Art Review

Art and Politics in the Gulf and the Middle East
July, 2007
Joreige & Hadjithomas Two filmmakers address the harsh realities of violence in the Middle East through the use of fiction and the telling detail


LAST SUMMER, AS ANYONE WITH A PASSING INTEREST IN CURRENT  affairs and access to the media should recall, lsraeli forces invaded  South Lebanon in a disastrously miscalculated campaign to dislodge  Hezbollah from the region. As usual the conflict was interpreted  abroad according to longstanding narratives of lsraeli aggression; or in  the US, as ‘the War on Terror’. In the Arab world the invasion reinforced  convictions of imperialist victimisation, while in Lebanon it shattered  widely held fictions of hard-earned stability and security.

On 4 May of this year filmmakers and artists Joana Hadjithomas  and Khalil Joreige, who have been married since 1991 and have  collaborated since 1994, began shooting a feature with Rabih MrouP,  an actor with whom they work frequently, and Catherine Deneuve.  The resulting movie will document the difficult process of securing  permission from Hezbollah, UNlFlL (the UN’s long-term military,  humanitarian and peacekeeping force in Lebanon) and the lsraeli and  Lebanese armies to film in the South, and will follow Deneuve and  Mroue as they travel to his ruined village near the lsraeli border.

As implied by the film’s title, Je veux voir [I want to see],  Hadjithomas and Joreige aim to create tensions between the  preexisting ideas through which events in Lebanon are interpreted and  the immediacy of the personal experience Deneuve seeks. In addition  the script involves a parallel fictional story, in which Deneuve functions  as a ‘star’, establishing a dichotomy between her roles as private citizen  and film icon that is intended to mirror the divide between private  experience and public analysis in Lebanon.

As the artists explained in a conversation in New York this  April, the inspiration for their piece was Jean-Luc Godard’s comment  in his 2004 film Notre musique that since 1948 the Palestinians have  been ‘a documentary’, defined by their conflict with Israel and unable  to develop other concepts of individual and national identity. Jews,  by contrast, have been the stuff of fiction, free to create diverse  understandings of self and community. What, Hadjithomas and  Joreige wondered, would be necessary to reintroduce fiction to South  Lebanon after last summer’s war? Or taken more broadly, for Arabs  to interpret their experiences free of defining narratives. “We see big  things in the Arab world,” Hadjithomas explained. “How can one be  an individual separate from this myth of Arab unity and shared fate?  These are open-ended questions; however, the film’s use of fiction to  explore a region characterised for most by the hard fact of conflict, and  its presentation of Lebanon from the perspective of an outsider like  Deneuve, are attempts to create possible answers.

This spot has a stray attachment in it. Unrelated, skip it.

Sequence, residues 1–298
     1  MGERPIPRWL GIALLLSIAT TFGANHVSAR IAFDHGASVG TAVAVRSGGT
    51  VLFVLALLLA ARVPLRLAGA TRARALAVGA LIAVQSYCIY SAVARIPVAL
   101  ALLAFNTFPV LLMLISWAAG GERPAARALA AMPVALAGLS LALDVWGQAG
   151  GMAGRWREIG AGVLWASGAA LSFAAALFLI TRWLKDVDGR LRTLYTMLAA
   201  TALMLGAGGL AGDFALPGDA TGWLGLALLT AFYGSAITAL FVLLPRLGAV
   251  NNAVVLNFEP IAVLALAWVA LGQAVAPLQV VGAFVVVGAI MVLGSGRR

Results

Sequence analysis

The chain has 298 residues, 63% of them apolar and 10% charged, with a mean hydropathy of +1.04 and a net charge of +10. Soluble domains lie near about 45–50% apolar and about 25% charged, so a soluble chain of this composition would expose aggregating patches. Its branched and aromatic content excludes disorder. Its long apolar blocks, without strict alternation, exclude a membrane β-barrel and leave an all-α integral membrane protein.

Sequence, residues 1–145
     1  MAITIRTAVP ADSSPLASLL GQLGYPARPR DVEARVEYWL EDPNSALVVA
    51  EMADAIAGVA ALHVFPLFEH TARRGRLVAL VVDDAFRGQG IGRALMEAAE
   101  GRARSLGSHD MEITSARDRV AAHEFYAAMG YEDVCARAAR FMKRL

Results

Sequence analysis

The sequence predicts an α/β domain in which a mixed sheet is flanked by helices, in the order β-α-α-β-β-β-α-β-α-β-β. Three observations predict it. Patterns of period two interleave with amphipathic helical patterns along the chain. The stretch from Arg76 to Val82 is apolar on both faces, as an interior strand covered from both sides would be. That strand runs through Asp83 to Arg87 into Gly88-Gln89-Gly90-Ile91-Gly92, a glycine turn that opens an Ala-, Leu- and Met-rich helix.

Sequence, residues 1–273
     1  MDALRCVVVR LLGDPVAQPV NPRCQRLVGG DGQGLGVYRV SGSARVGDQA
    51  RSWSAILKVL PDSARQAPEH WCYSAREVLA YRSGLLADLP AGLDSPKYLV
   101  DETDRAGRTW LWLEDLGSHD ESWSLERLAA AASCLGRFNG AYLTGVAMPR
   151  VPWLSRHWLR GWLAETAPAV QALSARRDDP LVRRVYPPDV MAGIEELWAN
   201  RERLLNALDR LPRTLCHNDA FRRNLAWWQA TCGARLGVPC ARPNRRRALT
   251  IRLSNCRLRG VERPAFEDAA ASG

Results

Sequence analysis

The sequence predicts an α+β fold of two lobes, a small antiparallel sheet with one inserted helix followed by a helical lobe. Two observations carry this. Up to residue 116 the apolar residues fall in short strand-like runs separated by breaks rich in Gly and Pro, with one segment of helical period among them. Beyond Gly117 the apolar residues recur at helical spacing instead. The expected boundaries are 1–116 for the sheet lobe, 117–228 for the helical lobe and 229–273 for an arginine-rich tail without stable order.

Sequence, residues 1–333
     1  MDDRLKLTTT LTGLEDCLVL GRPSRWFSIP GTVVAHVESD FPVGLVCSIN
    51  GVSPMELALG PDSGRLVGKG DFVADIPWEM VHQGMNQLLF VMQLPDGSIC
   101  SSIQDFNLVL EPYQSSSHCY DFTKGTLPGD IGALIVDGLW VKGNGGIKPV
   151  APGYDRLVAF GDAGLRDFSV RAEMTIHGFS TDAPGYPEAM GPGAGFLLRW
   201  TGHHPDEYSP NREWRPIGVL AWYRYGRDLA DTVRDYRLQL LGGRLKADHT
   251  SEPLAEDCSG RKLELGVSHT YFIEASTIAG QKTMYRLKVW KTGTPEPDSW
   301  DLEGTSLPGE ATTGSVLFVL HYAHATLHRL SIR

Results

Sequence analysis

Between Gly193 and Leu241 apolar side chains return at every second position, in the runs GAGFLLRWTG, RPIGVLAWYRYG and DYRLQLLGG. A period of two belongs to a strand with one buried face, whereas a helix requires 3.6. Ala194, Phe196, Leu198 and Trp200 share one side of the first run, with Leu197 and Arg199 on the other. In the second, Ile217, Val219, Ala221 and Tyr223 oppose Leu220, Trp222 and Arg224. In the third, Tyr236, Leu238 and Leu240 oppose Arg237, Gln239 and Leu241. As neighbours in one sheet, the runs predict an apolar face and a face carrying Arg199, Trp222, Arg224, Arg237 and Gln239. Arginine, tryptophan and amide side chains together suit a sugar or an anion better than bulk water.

Hadjithomas and Joreige have mixed fact and fiction with  similar intent before. Their series Latent Images (1998-2007) relies on the conceit of a photographer, Abdallah Farah, who lacked the equipment to develop his photographs during the Lebanese Civil War (1975-90). He meticulously catalogued each image in a notebook. As exhibited, the piece opposes images of 35mm film cartridges with printed texts ‘taken’ from Farah’s inventory, which reduce imagery to simple descriptions such as ‘Mother in bed. She doesn’t look at me’ or ‘A workman on a crane opposite the building’. It remains to the viewer to imagine the image, a process which renders them personal, individual and resistant to categorisation according to preexisting concepts.

Concentrating on anecdotal details and eschewing broad symbolic meaning also allows Hadjithomas and Joreige’s work to bear deep and broad meaning. Take for example their 52-minute documentary Khiam (~oOO), about the eponymous detention centre maintained by the Israelis and their allies, the South Lebanon Army, from 1985 until May 2000. In the film, six former prisoners, three men and three women, introduce themselves by stating their names, hometowns and dates of imprisonment, and then describe conditions in the camp with disarminq frankness. Food is scarce and tasteless. Cellmates defecate and wash their faces in a single pail. All are flogged with barbed wire and often confined to cells with a floorspace of 100 x 80 cm. Lacking a mirror, one woman tries to see her teeth in a cup of tea, but they have turned yellow and do not stand out.

The film focuses tightly on each individual, showing no more than his or her face, torso, and upper thighs. Each sits in the same wooden armchair. The absence of other visual details and the reliance on individual experience to evoke the camb create an intimacy and immediacy which establishes empathy in the viewer.

During the last half ofthe film, the ex-prisoners describe hoarding scraps to fashion necessities and decorative objects. These include needles from twisted wire, pencils from aluminium cheese wrappers, beads made by rubbing olive pits against walls and chess pieces crocheted from threads. Some were used; others were exchanged as gifts among prisoners; but as Soha Bechara, one of the women, explains, in creating such things she strove to assert her humanity against inhuman treatment.

In the final sequences of the movie the camera moves slowly over those items the inmates retained at their release. Small and clumsy, they are often decorated with Lebanese flags, hearts, the dove of peace or, in one case, the word ‘love’in English. As the images appear, they accrue meaning according to the experiences related in the film. Concepts such as friendship, patriotism, resistance and community are infused with a visceral understanding of lived misery, defiance and pride. The specific informs the general, not, as usual in the Arab World, the other way round.